Intense Shifter Romance
What an intriguing plot and a sexy yet sometimes sad read! Unusual, but in a good way. The hero and heroine seem to be at cross purposes in their ultimate goals in life. He is an immortal dragon shifter who wants to die because he feels burdened by immortality. She, on the other hand, is actually dying unless she finds an ancient artifact. She’s a particular kind of witch that has historically had issues with the type of dragon shifter he is. They have the ability to kill each other; yes, the “immortal” dragon can be killed by a Gaia witch. But they meet as humans, not knowing of the other’s background, and the sparks really do fly. They do have a palpable chemistry. They’re actually a great couple together. But there are lies and secrets, most often coming from a good place of wanting to protect the other. It is a surprisingly intense love story for a shifter paranormal romance, and as you are reading along, you really do wonder how they will get to their HEA.
Twelve Trials to Amuse Bored Gods
What a very fascinating read! I enjoy tales that are spin-offs of Greek or Roman mythology, and this a particularly enjoyable one. The author has set up a good premise that will see this series through twelve novellas: The Greek gods are bored and decide to choose heroes to face twelve trials, and the victor’s team will win immortality. Each of the twelve gods will choose a champion, but only four will be chosen to compete in the trials. One of these is Lyssa, daughter of Hercules, and she very much wants to win against her father, whom she sees as a brute who murdered her mother and brother. She certainly does not want him to be immortal.
I thought the author set the scene very well, showing Lyssa’s life as a smuggler before Athena comes to her ship to choose her as her hero to put forth for the trials. The goddess believes that Lyssa is the only one who could beat Hercules. Lyssa has made quite a life for herself, skirting the edges of the law as a captain of a smuggler ship. The author also did a good job showing how Lyssa is physically strong with her quarter-god ability to feel rage and channel it. She is a strong and believable heroine who is uncomfortable being thrust into the limelight after so many years in the shadows after she chose to flee from her father. The author also wrote good descriptions of the above-Olympus world; I could imagine it quite easily. I look forward to reading more about these trials.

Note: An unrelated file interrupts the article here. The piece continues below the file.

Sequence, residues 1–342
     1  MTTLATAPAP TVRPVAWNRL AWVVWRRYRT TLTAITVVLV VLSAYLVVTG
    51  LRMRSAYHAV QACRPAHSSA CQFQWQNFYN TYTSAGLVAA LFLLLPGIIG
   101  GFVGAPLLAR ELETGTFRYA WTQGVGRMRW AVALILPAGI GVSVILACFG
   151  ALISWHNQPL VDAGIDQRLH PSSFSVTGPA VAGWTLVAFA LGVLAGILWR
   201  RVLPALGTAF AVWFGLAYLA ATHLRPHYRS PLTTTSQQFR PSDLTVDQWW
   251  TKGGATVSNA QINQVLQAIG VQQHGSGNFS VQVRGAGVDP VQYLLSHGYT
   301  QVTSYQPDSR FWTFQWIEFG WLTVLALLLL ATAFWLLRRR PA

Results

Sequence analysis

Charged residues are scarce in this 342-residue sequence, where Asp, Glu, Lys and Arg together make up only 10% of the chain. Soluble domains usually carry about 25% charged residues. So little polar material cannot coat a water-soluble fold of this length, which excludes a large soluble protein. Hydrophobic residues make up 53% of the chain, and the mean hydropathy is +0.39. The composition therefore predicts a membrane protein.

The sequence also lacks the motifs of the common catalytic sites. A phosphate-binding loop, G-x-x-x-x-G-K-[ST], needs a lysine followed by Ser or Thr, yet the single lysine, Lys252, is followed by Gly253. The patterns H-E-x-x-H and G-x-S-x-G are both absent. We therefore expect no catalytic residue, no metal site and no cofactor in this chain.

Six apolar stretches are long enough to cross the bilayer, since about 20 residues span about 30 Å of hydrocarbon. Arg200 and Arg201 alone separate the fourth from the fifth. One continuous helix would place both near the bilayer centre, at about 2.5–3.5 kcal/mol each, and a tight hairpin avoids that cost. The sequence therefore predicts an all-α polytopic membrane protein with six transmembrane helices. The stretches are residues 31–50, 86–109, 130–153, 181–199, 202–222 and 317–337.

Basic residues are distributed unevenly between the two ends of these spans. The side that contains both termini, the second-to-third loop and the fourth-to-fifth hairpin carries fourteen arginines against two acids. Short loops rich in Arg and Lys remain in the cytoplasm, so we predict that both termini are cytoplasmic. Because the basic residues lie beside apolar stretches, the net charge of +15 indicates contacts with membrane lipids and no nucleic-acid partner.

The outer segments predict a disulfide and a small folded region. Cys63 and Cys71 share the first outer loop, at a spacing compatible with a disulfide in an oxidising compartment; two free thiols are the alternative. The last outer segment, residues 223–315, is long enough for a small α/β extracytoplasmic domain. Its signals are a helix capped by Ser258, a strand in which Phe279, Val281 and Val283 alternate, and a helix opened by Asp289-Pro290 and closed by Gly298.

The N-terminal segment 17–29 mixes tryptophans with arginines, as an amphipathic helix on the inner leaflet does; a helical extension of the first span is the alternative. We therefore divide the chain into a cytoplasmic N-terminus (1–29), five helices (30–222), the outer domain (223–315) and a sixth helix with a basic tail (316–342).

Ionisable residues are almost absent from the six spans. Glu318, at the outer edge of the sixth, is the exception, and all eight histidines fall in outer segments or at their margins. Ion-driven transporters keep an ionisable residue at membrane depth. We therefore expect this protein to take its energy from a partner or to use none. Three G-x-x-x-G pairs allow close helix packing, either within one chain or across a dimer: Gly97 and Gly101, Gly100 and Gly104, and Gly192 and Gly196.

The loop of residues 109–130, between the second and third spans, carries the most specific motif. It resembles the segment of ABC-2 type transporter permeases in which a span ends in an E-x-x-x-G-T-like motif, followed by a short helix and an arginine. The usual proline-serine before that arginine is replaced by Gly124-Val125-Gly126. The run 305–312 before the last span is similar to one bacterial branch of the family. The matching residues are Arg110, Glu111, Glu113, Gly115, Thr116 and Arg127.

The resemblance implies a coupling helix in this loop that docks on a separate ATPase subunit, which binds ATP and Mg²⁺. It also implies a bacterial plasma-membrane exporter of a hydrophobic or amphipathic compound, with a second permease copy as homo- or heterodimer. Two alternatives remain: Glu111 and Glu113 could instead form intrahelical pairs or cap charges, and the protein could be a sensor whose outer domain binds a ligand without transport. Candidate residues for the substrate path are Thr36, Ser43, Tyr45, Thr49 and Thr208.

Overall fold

Fate of the Goddess*
Violent Start but Okay Story
I have quite enjoyed some of this author’s books in the past. This one, I had a hard time getting into because it just felt so needlessly violent at the beginning. Once the twins got to the human realm, I found it more accessible. A lot is going on in this story, and it is quite a fascinating world that the author has created here. I was surprised at the number of grammar and consistency issues in this book. It wasn’t just the normal ones with punctuation and grammar, but sometimes the characters were called the wrong names. In at least one place a near word was used instead of the right word, shall instead of shawl to describe a garment. Since I didn’t know the characters’ world, I did find the issues with character names to be confusing. That said, after the initial violence, the story of the young, future ruling gods as they await their time to be a fascinating one.
Available at Amazon, Barnes & Noble, iBooks, Kobo, 24 Symbols, Thalia, Mondadori, Angus & Robertson, Indigo (Chapters), and Bol.de
More Danger for Em
When you review a book that is a part have a long series, there’s always the danger, it feels like, of telling too much. So, I’m going to try to avoid that. Em’s adventure continues. One thing I can definitely say is that the author does create a very different plot for each book of this series. In this one, Em has to make a hard choice that definitely puts her in danger. She interacts with some new people as well as some old ones. The author does do a good job showing this parallel paranormal world that exists within the greater nonparanormal society.